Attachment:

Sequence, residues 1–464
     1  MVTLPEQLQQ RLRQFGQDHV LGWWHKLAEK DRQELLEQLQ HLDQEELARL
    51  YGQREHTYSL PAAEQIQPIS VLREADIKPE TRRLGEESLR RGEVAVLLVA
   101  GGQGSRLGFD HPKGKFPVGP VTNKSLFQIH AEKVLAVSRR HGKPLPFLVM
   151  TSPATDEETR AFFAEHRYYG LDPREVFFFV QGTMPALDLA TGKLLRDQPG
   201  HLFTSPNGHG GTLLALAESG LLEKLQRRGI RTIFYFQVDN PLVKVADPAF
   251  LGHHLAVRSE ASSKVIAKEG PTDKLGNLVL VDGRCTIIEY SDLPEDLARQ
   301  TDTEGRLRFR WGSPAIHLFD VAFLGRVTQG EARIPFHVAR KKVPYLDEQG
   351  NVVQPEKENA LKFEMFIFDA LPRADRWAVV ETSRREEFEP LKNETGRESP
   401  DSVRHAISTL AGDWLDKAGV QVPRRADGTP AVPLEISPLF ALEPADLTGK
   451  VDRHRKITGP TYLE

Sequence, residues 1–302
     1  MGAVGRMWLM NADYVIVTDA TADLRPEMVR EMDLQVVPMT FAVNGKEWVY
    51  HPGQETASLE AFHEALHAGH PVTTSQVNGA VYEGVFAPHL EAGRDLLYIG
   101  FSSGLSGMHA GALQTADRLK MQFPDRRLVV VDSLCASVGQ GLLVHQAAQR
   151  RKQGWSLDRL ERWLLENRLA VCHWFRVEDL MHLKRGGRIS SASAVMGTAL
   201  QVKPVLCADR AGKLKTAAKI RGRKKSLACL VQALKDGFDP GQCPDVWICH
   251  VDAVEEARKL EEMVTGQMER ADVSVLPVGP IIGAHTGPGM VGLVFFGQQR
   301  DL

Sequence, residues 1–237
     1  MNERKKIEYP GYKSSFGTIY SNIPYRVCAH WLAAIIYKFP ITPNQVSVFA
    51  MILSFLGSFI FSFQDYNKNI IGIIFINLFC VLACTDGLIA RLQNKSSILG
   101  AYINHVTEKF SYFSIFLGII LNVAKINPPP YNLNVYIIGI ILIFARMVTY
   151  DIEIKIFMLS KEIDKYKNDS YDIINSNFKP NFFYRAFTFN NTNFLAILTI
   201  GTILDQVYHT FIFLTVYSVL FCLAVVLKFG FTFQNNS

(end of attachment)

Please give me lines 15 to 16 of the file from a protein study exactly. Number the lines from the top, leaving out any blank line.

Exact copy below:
   101  FSSGLSGMHA GALQTADRLK MQFPDRRLVV VDSLCASVGQ GLLVHQAAQR
   151  RKQGWSLDRL ERWLLENRLA VCHWFRVEDL MHLKRGGRIS SASAVMGTAL